Albert Einstein, a German-born scientist, is renowned for his influential and controversial ideas that have had a lasting impact on society. Despite facing difficulties in grade school and language barriers caused by poor grammar skills, Einstein is widely recognized as one of history’s most brilliant thinkers. Although his teacher deemed him mentally challenged and recommended “special classes,” his parents disagreed and persevered. As a result, Einstein emerged as the most renowned scientist of his time, if not all time (Poole) (Brown).
Albert Einstein, a German American physicist, was born on March 14, 1879 in Ulm, Germany. He is widely considered as one of the most influential scientists of the 20th century (Grolier). Remarkably, Einstein did not start speaking until he turned three years old (Poole). In spite of his teachers’ belief that he lacked intelligence, Einstein proved them wrong. At 19 years old, he failed an exam that would have allowed him to become an electrical engineer (Grolier), further highlighting his unconventional thinking abilities. Even after gaining recognition as a genius, Einstein faced various unique challenges. For instance, he couldn’t drive because he would become too engrossed in his thoughts and theories to pay attention to the road for more than a few minutes. Moreover, while teaching at Princeton University, he struggled with simple matters like knowing when and where his classes were scheduled. A messenger had to retrieve him before each class (Cavanaugh). On April 18th, 1955, Albert Einstein passed away in Princeton, N.J., supposedly due to natural causes (Grolier).
Einstein, a well-known physicist, made important contributions to various scientific theories. Among these was his discovery of the photoelectric effect, which explains how certain metals release electrons when exposed to light with a specific frequency. This theory played a crucial role in advancing quantum mechanics. However, Einstein’s most renowned accomplishment is his theory of relativity, which states that the fundamental laws of physics should remain unchanged regardless of the frame of reference.
Einstein’s theories, such as the theory of relativity, had a profound influence on both the world and modern physics. They completely transformed the field and established the basis for comprehending the relative nature of everything from an individual’s point of view. Additionally, this groundbreaking explanation also provided insights into motion and the characteristics of light. Consequently, scientists were able to investigate phenomena that were previously unobservable, like atoms in rapid motion.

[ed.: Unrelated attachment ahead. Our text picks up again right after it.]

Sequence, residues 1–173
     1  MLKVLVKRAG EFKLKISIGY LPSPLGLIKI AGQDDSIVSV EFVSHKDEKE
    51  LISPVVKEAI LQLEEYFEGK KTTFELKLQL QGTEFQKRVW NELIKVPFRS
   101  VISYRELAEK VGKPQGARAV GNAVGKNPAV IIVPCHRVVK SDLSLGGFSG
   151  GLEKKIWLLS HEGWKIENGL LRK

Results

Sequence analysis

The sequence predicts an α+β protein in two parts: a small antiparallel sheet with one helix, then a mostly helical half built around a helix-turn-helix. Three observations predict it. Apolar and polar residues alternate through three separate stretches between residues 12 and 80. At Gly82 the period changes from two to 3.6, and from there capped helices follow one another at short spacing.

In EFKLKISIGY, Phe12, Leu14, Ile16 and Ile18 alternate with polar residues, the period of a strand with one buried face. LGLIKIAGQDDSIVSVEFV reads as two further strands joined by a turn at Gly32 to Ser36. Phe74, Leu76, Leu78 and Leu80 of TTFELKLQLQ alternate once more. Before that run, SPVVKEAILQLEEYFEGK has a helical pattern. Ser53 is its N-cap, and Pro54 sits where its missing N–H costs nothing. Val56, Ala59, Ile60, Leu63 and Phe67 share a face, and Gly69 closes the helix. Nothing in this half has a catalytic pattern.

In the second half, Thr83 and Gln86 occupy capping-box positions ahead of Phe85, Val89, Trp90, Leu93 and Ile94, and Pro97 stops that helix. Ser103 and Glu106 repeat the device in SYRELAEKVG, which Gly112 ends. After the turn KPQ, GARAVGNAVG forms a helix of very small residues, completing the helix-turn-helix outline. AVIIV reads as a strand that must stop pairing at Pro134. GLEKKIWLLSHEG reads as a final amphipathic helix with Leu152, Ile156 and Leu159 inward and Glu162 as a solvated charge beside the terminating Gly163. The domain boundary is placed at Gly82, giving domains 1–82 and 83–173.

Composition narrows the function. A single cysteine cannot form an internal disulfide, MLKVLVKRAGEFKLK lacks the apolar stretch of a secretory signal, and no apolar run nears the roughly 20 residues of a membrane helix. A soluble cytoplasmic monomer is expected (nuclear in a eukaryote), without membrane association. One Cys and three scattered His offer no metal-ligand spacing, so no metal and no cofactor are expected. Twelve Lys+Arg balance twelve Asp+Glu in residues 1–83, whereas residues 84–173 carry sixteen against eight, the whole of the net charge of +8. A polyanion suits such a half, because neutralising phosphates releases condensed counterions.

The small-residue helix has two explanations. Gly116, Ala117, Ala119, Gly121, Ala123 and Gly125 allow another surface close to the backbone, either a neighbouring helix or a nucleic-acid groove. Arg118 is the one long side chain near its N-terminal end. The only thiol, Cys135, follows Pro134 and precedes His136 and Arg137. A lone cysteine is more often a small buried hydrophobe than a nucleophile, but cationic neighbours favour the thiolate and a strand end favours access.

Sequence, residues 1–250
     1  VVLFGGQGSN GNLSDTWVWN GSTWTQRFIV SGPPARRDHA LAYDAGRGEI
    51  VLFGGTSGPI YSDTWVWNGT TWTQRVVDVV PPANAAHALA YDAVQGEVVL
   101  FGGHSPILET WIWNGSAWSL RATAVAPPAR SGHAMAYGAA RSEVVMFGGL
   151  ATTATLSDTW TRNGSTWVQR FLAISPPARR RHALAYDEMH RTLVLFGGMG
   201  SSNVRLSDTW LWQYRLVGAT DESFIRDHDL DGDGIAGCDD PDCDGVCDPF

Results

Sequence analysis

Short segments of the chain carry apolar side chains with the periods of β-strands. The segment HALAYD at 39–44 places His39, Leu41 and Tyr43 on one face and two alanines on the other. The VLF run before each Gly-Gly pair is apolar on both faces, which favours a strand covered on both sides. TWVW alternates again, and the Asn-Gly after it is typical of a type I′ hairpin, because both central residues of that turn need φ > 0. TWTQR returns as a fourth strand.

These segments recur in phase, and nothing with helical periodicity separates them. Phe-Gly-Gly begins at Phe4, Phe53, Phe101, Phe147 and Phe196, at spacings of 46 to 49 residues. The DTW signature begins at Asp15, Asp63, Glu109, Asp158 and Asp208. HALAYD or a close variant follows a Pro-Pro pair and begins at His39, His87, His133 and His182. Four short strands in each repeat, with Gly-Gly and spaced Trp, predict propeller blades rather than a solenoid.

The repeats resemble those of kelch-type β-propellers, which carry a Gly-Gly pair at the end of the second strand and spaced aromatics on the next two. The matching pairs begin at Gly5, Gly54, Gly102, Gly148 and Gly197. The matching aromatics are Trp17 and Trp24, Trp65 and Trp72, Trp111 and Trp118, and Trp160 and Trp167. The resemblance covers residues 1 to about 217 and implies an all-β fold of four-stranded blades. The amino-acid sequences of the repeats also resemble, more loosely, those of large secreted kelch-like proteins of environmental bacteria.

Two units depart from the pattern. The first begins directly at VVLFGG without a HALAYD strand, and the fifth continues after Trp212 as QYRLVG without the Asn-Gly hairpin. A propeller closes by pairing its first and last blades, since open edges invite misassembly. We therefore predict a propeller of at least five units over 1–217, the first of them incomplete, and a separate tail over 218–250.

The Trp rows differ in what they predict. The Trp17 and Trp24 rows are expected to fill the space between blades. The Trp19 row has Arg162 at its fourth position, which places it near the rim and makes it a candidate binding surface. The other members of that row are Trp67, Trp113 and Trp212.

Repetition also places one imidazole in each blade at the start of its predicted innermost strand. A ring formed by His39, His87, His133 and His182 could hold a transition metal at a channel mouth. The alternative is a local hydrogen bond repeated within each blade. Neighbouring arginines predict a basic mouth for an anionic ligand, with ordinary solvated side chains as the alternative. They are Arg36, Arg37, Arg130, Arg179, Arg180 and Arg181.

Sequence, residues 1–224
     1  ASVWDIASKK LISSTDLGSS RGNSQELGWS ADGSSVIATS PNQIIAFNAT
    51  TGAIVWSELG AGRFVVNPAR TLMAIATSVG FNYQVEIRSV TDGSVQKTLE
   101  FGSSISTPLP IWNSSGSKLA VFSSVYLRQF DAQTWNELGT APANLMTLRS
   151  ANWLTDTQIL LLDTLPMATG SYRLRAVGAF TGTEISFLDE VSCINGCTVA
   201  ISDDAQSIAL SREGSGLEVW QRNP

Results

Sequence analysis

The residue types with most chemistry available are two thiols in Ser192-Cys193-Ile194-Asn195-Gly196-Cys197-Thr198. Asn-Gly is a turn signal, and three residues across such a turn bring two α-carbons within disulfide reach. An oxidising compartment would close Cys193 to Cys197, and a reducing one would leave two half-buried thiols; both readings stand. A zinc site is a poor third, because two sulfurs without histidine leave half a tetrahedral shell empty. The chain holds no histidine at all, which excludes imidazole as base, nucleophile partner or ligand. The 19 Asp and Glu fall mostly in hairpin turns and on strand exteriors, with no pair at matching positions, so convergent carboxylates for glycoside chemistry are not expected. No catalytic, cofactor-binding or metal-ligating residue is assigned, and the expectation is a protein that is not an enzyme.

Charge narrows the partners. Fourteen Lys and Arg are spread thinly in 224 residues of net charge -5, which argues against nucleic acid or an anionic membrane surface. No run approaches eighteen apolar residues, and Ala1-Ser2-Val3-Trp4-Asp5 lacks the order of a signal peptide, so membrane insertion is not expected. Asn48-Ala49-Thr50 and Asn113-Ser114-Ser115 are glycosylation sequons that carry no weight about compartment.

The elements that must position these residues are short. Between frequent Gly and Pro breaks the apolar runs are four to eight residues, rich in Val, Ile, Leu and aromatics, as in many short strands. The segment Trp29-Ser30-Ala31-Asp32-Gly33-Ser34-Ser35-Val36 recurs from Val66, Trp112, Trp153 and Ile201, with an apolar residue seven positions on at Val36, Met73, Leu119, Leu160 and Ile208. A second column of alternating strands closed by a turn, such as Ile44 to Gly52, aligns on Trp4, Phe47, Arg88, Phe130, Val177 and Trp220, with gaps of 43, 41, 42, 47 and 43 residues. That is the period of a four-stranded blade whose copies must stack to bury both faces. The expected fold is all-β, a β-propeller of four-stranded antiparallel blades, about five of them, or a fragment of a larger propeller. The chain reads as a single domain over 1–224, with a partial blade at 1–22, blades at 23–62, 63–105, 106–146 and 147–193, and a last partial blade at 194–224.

Einstein’s complex equation revolutionized the study of the atom, allowing scientists to deeply explore its depths. No one had previously delved into science as profoundly as he did. Additionally, this theory was instrumental in investigating the velocity of waves used in modern television sets. Einstein’s approach propelled science into the space age and had a lasting impact, with his teachings being utilized worldwide. Among all of Einstein’s concepts, perhaps none were as influential as his ideas about nuclear power, which laid the foundation for significant technological progress in the twentieth century.
Nuclear energy is currently utilized to power various aspects of society and is regarded as a highly efficient and environmentally friendly energy source. According to Grolier, just one gram of uranium can supply enough energy to sustain a city for several weeks. Nuclear power plants exist in nearly all developed countries worldwide, playing a significant role in global electricity production since its discovery five decades ago. As of 1989, there were 416 operational nuclear plants globally, generating approximately 17% of the world’s electricity, with an additional 130 plants being designed or constructed. At present, there are 27 nations with functioning nuclear plants and five more nations in the process of constructing them. The United States boasts the largest nuclear energy program with over 100 operational plants that collectively have a capacity of around 100,000 MW—contributing almost 20% to U.S. power generation. Within the U.S., nuclear power ranks second only to coal as the largest provider of electricity at around 55%, according to Grolier.